With so many large-scale data breaches that occurred in the last couple of years, we must ask ourselves: what does it take to improve the current cybersecurity processes and how to detect vulnerabilities and attacks on time? In reality, many people still think of cybersecurity as a specialized career, which is not something an average person should know or learn about.
We live in an age where we increasingly manage our lives (both personal and business) digitally. That is the main reason why anyone should know the basics of keeping security at a high level.
On a recent webinar, hosted by Rhett Dillingham (VP at Moor Insights & Strategy), we had the opportunity to hear from the industry’s thought leaders Gene Sun (CISCO, FedEx), James Beeson (CISO at Cigna), Kelly Isikoff (CISO at renaissanceRE), and Jim Routh (CISO at Aetna). As people who dealt with a lot of organizational aspects and implementation of cybersecurity, they’ve come together to discuss why IT security organizational model and culture needs to change.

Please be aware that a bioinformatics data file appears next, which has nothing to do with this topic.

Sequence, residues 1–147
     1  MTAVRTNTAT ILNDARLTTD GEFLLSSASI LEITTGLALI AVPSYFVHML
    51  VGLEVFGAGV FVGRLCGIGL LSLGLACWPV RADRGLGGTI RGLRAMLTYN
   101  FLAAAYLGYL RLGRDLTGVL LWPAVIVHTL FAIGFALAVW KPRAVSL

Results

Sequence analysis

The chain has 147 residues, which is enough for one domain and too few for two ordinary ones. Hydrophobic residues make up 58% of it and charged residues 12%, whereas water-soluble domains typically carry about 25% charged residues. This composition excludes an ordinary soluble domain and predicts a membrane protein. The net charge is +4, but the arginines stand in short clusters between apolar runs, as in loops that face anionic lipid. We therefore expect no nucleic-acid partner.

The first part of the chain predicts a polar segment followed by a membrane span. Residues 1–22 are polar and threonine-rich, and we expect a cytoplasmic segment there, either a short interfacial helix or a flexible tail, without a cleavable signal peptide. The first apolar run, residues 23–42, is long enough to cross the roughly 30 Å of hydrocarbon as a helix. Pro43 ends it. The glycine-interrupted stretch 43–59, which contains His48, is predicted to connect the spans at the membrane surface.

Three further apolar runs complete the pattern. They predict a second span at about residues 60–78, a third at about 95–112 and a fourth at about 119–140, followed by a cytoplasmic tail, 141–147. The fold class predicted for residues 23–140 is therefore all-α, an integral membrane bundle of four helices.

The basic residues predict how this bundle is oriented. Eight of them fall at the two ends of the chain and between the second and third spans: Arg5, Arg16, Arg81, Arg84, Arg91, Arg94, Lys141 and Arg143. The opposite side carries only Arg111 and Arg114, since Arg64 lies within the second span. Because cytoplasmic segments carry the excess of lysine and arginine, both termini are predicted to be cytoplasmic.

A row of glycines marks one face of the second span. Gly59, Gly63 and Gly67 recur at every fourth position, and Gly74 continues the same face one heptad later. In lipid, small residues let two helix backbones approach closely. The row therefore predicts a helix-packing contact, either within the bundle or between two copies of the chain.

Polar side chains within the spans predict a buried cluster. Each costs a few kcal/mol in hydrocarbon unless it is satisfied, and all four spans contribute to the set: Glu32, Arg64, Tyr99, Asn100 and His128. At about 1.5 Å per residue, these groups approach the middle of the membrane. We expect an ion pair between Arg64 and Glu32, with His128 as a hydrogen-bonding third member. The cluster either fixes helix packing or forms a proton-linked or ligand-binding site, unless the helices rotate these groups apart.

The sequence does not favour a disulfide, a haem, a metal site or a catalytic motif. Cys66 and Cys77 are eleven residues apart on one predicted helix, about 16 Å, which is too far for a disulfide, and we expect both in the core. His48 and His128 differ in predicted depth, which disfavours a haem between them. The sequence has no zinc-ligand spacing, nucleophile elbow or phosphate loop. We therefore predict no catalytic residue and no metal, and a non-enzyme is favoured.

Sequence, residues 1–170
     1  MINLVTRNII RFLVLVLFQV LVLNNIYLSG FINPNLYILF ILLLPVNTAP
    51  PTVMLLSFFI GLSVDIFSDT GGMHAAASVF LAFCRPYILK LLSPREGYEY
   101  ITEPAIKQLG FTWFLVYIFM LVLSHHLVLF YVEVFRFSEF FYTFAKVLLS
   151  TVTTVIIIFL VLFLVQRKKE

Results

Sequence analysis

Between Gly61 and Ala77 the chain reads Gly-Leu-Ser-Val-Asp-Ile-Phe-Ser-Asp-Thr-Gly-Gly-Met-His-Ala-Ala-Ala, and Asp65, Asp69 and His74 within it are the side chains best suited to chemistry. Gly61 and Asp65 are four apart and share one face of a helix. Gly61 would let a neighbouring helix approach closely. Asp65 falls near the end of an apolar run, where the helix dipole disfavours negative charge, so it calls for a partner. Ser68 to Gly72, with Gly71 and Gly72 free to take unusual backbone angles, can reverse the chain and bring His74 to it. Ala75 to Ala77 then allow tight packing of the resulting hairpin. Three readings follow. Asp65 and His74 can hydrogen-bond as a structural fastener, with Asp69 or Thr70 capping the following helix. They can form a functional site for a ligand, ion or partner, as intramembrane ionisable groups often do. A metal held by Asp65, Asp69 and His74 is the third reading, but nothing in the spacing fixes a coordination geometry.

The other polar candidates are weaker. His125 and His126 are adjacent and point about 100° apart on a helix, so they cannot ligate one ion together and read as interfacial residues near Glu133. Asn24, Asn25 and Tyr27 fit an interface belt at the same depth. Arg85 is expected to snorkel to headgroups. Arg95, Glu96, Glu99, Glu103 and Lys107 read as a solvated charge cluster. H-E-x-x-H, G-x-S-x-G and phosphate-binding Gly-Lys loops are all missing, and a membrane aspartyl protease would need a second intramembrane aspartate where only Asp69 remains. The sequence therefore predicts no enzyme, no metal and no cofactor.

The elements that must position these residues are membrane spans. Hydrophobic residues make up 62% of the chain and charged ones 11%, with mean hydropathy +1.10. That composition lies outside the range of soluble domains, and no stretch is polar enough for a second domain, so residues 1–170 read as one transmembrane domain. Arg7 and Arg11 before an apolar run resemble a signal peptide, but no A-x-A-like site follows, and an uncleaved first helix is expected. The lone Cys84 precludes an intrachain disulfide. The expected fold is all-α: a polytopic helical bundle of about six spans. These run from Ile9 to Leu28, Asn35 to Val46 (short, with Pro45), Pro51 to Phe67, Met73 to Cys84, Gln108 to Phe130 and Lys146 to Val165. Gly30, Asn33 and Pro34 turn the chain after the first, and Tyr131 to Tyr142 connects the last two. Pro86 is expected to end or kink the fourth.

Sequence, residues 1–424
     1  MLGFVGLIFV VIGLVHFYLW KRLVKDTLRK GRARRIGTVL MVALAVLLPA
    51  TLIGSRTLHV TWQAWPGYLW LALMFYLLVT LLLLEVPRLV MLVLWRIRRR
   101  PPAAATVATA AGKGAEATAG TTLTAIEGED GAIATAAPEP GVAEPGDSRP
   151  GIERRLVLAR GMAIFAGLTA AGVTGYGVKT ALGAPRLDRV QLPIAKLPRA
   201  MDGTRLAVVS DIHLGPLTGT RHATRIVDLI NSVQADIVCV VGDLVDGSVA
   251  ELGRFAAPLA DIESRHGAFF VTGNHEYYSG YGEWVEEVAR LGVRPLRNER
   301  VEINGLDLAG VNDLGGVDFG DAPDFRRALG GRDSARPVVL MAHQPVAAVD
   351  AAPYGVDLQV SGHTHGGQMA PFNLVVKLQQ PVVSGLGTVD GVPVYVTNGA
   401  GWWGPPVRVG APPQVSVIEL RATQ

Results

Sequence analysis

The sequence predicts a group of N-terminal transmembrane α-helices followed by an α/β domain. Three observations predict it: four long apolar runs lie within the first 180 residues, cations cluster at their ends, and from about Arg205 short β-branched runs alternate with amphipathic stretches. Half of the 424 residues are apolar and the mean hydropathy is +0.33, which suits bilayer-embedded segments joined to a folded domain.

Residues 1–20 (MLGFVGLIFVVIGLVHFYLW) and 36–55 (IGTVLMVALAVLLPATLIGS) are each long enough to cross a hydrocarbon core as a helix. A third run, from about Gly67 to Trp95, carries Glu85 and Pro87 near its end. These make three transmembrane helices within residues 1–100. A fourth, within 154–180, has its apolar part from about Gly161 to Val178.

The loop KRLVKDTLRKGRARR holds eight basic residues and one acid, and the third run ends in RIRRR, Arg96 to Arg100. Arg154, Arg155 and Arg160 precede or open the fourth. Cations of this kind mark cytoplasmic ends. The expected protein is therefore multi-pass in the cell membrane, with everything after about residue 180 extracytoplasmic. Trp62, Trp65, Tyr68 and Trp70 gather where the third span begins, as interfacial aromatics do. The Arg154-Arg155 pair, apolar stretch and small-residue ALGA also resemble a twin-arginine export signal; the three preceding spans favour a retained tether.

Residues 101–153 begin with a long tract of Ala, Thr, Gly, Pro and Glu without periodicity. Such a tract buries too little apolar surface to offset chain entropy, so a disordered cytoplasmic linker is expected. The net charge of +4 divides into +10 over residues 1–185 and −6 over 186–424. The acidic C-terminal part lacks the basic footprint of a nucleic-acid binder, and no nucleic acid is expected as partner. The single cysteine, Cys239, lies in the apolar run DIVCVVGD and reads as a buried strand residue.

About Centralization, Decentralization, and Pushing Responsibility Forward
As a Chief Information Security Officer at Aetna (a managed health care company), Jim Routh explains their organizational model when it comes to merging and acquisitions – they would acquire a company they thought it has a unique capability but always with a separate development process and separate IT infrastructure. However, SMBs cannot apply corporate security controls because they cannot fit into the startup culture and environment. The only way is to identify the gaps, which represent the company’s top cyber risks and prioritize the remediation work to support them in addressing their high cyber risks.
The Role of DevSecOps
The importance of DevSecOps systems is on the rise because of the necessity to integrate IT operations and development. Everyone is responsible for security. A DevSecOps program can help improve the productivity of an enterprise by helping reduce defects – it requires doing automation and continuous integration build into a consistent set of tools that are instrumented in a DevSecOps model.